"They are pretty similar" on trade policy, said the AFL-CIO's Mitchell. "There is more of an acknowledgment than there was 10 years ago that these trade agreements aren't working so well -- that they aren't the solution, that we need some different global rules, certainly not to try to shut down our borders, but different global rules. Both of them agree with that."
Also, on foreign-policy issues in general, "ultimately their goals are the same," said Moira Whelan, director of strategy and outreach at the National Security Network and an Obama supporter. "Their understanding of what the macro issues are is similar; their approaches to what comes first and how to address them is where you would see the differences."
Hyping Their Differences
Perhaps because of their similar positions on so many issues, Obama and Clinton go to great lengths to differentiate themselves and appeal to primary voters by stressing whatever distinctions they can. Obama tees up his early opposition to military action in Iraq as evidence that he exercised better judgment than Clinton on the most important foreign-policy issue since the terrorist attacks on September 11, 2001.
In a 2002 speech in Chicago, when he was beginning his campaign for the Senate, Obama blasted what he called "a dumb war" that was "based not on reason but on passion, not on principle but on politics."
Graphic: Where They Differed Sens. Hillary Rodham Clinton and Barack Obama have differed on 52 of the 888 measures they have both voted on in the Senate. This graphic shows the candidates' differences and how each voted.
Obama noted at a debate on January 31 that Clinton says her experience has prepared her to lead "on day one," but that his opposition to the war shows that "it is important to be right on day one." His judgment on that issue, Obama added, is relevant to how he would make decisions in a dangerous world.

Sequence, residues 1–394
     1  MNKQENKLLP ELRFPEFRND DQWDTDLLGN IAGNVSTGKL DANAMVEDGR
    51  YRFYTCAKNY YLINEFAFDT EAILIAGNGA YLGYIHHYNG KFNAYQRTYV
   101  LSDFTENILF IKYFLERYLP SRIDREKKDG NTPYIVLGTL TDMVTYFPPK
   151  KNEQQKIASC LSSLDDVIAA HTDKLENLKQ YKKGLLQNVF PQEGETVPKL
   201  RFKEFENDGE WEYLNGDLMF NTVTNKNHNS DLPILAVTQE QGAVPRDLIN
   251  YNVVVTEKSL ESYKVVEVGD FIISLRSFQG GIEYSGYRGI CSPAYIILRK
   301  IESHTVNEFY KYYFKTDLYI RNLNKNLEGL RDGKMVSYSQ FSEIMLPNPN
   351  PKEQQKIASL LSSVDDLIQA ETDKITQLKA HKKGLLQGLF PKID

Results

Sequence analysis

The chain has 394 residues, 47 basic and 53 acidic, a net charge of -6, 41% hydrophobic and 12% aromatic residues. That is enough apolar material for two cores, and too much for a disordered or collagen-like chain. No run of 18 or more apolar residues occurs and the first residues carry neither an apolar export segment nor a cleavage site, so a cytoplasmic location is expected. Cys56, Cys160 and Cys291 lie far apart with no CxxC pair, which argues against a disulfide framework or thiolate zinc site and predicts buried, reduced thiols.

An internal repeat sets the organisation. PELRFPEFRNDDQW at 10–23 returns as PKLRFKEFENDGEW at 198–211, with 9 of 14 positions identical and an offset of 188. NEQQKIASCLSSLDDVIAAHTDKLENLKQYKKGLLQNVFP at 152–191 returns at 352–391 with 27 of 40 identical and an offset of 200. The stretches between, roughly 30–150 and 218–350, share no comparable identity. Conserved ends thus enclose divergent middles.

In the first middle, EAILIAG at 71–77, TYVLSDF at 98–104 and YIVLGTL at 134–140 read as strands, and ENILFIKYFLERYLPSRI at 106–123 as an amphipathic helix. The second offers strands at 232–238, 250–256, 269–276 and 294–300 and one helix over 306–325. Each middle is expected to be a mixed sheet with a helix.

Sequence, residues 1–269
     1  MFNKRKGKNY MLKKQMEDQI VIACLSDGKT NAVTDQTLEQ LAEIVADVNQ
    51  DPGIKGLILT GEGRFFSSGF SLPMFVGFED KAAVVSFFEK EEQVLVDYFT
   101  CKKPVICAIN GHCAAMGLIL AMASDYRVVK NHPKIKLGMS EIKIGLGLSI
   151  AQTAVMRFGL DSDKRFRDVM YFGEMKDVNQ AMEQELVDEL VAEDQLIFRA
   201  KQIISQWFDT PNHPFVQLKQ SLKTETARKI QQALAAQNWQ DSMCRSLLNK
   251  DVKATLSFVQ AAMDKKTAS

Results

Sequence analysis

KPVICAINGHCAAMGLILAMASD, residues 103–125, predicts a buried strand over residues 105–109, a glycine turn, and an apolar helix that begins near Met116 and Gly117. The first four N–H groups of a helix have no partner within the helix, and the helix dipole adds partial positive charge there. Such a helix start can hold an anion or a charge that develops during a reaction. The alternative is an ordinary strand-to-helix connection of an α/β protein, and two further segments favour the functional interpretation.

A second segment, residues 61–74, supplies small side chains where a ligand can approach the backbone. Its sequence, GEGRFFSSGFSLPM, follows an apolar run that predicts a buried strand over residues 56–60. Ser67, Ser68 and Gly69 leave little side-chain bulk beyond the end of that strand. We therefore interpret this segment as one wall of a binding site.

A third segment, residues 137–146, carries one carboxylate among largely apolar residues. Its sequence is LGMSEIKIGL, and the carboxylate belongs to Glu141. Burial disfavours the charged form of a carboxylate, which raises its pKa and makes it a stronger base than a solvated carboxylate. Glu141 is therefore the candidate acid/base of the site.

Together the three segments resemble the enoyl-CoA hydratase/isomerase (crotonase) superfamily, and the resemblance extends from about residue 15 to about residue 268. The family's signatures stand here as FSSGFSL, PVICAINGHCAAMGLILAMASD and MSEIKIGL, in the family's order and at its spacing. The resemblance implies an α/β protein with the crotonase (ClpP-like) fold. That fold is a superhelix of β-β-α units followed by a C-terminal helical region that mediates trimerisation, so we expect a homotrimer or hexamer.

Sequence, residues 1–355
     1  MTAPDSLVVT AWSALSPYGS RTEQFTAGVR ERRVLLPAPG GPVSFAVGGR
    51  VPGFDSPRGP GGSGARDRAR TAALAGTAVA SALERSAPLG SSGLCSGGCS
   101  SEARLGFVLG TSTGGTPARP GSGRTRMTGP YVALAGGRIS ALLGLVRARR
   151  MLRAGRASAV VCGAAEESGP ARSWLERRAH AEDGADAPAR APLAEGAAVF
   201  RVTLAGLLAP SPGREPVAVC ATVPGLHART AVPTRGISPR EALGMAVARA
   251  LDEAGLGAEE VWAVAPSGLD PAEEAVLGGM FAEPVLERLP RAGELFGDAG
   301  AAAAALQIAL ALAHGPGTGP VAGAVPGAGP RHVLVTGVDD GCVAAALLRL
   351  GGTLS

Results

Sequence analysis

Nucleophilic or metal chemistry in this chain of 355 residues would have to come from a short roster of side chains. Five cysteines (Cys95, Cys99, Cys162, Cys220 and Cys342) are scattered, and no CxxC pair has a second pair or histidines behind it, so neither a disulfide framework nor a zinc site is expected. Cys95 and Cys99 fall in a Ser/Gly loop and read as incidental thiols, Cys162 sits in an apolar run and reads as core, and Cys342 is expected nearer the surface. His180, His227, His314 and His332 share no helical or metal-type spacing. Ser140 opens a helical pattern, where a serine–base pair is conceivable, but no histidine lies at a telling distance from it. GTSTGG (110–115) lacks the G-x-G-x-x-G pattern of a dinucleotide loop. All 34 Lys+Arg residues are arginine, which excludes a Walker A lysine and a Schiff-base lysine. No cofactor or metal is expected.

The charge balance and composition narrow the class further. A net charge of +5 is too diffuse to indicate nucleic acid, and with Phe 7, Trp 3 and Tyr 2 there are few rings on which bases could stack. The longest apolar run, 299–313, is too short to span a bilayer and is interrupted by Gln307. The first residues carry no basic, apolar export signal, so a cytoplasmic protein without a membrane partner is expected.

But just as Obama minimized his differences with Clinton on health care policy, Clinton is quick to say that their positions on Iraq are far more similar than her rival suggests. "He gave a very impassioned speech against [the war] and consistently said that he was against the war, he would vote against the funding for the war," she said on NBC's Meet the Press on January 13. "By 2004, he was saying that he didn't really disagree with the way George Bush was conducting the war. And by 2005, '06, and '07, he was voting for $300 billion in funding for the war.... When he became a senator, he didn't go to the floor of the Senate to condemn the war in Iraq for 18 months."
The senators have different approaches to changing the way the Senate governs itself on ethics and lobbying issues. Of the 52 votes on which they differed, 22 of them involved ethics, spending priorities, and government management.
Obama favors more-extensive changes in the current system, as reflected in his vote for the creation of an independent office of public integrity to investigate possible violations of Senate rules. Clinton voted against that proposal in 2006 and 2007 -- a position consistent with that of the overwhelming majority of senators, who are leery of establishing an outside investigative entity.
"It is a centerpiece for him, and it is not a centerpiece for her," said Norman Ornstein, a resident scholar at the American Enterprise Institute who worked with Obama on the proposal and has pushed for an independent office for more than 20 years. "He handled it with a very impressive combination of real, deep-seated desire to make this happen and pragmatism about how you go about it."
The two senators have also parted company on whether illegal immigrants should have driver's licenses. Clinton initially supported New York Gov. Eliot Spitzer's move to give them that right but later reversed herself when Spitzer dropped the idea. Obama supports the proposal as a way "to protect public safety," as he said in a debate on November 15.
Still, the overwhelming consensus among political experts is that the differences between Clinton and Obama on policy are negligible. "From the perspective of most mainstream Democrats, they are not easily distinguishable on policy grounds at all," said Gary Jacobson, a political science professor at the University of California (San Diego).
Extended discussions of the two candidates' takes on various issues follows.
Domestic Policy: Economy
After a year of campaigning in which their approaches to economic policy varied significantly, Clinton and Obama are narrowing their differences.